The key for developing a successful digital product is forming a tight knit product team to handle its development and maintenance.
Building a product team is one of the most important things a company can do. It’s the team that is responsible for dreaming up, designing, building, and launching products.
But how do you structure it? Many companies struggle to organize their product teams effectively to ship fast and create as much value as possible. In fact, product organizational structure is one of the most important aspects of this process.
Once you’ve put together the perfect product team, the issue then turns towards tracking the outcomes of your work. That’s where product analytics tools like June.so to improve user engagement and retention. In this article, we’ll explore how best to structure your product team. Looking at examples of how some of the most successful companies around the world structure their product teams will unlock the answers for how best you should structure your product development team for your next SaaS product.
What is a Product Team?
Firstly, we’ll explore what a product team actually is. This is an organizational structure that focuses on adaptability and agility first and foremost and whose main priority is to create and design a product users love. Product teams are small, cross-functional teams designed to focus solely on delivering a holistic product. By cross-functional, we mean that they handle the planning, design and engineering all within this team.
Marty Cagan, author of Inspired: How to Create Tech Products Customers Love, states that product teams should be “focused on outcomes instead of outputs”. By this, he means that product development groups aim to deliver business results instead of features. Product teams contrast with feature teams – who are themselves cross-functional but aim to ship product increments instead. However, product teams’ true opposites are component teams. These are monofunctional – for example, an engineering team or a design team. The issue here with component teams is that they don’t have that same focus on business objectives and are often “output” oriented.
What size should your product team be?
You should keep product teams small. This is because, in a large team, effective team communication can become difficult and unwieldy. For an engineering manager to have daily one-to-one communication with all their team members, it's recommend keeping product teams to less than 10 people. In fact, 6-8 is the sweet spot.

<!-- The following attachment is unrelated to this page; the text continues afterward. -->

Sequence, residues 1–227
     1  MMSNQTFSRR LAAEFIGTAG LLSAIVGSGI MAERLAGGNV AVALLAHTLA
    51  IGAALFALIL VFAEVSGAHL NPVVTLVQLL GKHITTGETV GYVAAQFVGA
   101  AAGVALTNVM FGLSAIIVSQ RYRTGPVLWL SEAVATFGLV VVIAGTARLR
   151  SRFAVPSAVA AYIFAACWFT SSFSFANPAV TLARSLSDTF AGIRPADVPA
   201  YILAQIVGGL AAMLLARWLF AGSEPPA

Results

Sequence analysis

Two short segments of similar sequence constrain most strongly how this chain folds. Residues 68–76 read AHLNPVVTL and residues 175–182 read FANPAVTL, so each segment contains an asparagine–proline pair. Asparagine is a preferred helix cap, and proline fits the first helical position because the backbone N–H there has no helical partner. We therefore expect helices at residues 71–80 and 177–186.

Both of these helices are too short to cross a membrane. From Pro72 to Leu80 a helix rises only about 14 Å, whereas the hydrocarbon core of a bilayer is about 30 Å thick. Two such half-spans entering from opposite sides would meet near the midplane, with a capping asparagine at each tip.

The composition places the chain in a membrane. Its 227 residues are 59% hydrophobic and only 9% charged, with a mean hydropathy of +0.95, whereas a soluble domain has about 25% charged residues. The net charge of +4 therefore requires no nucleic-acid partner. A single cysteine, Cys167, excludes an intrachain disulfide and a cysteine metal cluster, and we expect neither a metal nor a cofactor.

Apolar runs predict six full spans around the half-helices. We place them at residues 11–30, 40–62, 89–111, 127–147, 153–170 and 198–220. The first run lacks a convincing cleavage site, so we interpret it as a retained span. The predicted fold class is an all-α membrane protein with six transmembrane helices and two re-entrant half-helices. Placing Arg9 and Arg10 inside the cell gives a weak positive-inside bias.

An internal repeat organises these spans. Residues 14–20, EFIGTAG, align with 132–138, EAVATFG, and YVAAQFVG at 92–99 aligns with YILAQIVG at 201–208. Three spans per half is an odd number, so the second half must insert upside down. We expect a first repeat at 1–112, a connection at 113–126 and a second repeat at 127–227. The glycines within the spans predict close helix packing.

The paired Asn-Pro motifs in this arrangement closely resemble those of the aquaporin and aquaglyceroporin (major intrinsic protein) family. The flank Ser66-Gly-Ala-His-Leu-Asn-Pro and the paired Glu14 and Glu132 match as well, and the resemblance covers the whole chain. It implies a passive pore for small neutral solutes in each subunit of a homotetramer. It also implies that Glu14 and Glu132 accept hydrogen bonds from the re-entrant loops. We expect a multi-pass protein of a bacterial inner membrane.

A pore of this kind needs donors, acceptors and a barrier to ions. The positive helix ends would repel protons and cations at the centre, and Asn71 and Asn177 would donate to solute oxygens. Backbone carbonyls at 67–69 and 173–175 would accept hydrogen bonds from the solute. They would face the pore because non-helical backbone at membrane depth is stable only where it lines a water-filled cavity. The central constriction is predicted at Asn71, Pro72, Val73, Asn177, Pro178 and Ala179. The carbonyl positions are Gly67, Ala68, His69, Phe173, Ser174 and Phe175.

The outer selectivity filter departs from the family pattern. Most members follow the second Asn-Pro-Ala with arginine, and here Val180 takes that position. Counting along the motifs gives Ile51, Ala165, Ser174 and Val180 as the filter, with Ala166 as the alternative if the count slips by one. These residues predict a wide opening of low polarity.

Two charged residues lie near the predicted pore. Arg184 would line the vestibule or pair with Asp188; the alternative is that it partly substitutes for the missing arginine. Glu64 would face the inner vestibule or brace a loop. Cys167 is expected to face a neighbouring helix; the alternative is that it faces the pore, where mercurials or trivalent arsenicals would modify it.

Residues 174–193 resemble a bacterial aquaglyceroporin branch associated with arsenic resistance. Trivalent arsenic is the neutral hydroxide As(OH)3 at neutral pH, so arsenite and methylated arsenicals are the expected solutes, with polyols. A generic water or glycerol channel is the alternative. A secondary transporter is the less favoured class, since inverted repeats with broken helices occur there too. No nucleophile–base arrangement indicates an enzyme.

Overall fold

For example, Amazon’s Jeff Bezos sticks by the “2 Pizza Rule”. This is a practice that states product teams should be so small that they should easily be able to be fed by two pizzas. Any larger and those direct communication channels start to break down.
Why are large teams so dangerous?
One of the Laws of software development, Brooks's Law says “Adding manpower to a late software project makes it later”
Much as a surgical team during surgery is led by one surgeon performing the most critical work while directing the team to assist with less critical parts. A product team needs, to have leaders of projects develop critical system components while the rest of a team provides them what is needed at the right time.
Having more people involved won't get the project finish faster.
Product Development Team Roles
A cross-functional team that is both small and effective requires strictly defined and recognisable team roles that directly match with members’ skills. All product teams should represent these key team roles:
An effective product team starts at the top – with product management that is laser-focused on the outcome and business objectives. Intuitively, a product manager is responsible for product management. Product management refers to the skills needed to conceptualize a product, bring it to launch and handle its marketing. Product managers are those responsible for identifying customer needs, relating that to business objectives and organizing the rest of the product team to achieve this.
How do product managers work in practice? Derek Jamieson, a senior product manager at Salesforce notes that the key to PM’ing a cross-functional team is “Transparency and Humility”.
“It’s important to share your thoughts as to why you are making the decisions you are making and to be honest when you take the team down the wrong path” – Derek Jamieson.
These are the engineers that write the code and are responsible for technical planning. With the small nature of product teams, there’s little room for knowledge gaps here.
Developers working in your product team should be full-stack and be able to build features independently end-to-end.
The more handovers are required between engineers, the more time will be spent doing busywork to coordinate. So the more you can avoid separations between "front-end", "back-end" and "dev-ops" the more you can get things done!
Product designers own the users experience. They're responsible for the look and feel of the product. Designers need to have a deep understanding of how software products are used, and how UX principles need to be implemented. They work with engineers and other members of the product team to create prototypes and test products with users.
The best product designers have a good understanding of how programming works. The more a designer is aware of what are the technical constraints of the platforms they design for the better work they can do!
Product designers are essential members of product teams. They help to ensure that products are well-designed and easy to use. Their focus on the user experience helps to ensure that products meet user needs and are successful.
Engineering managers make sure the engineering team are doing their best work. A good engineering manager coaches engineers and helps them find ways to align their professional goals with the company goals.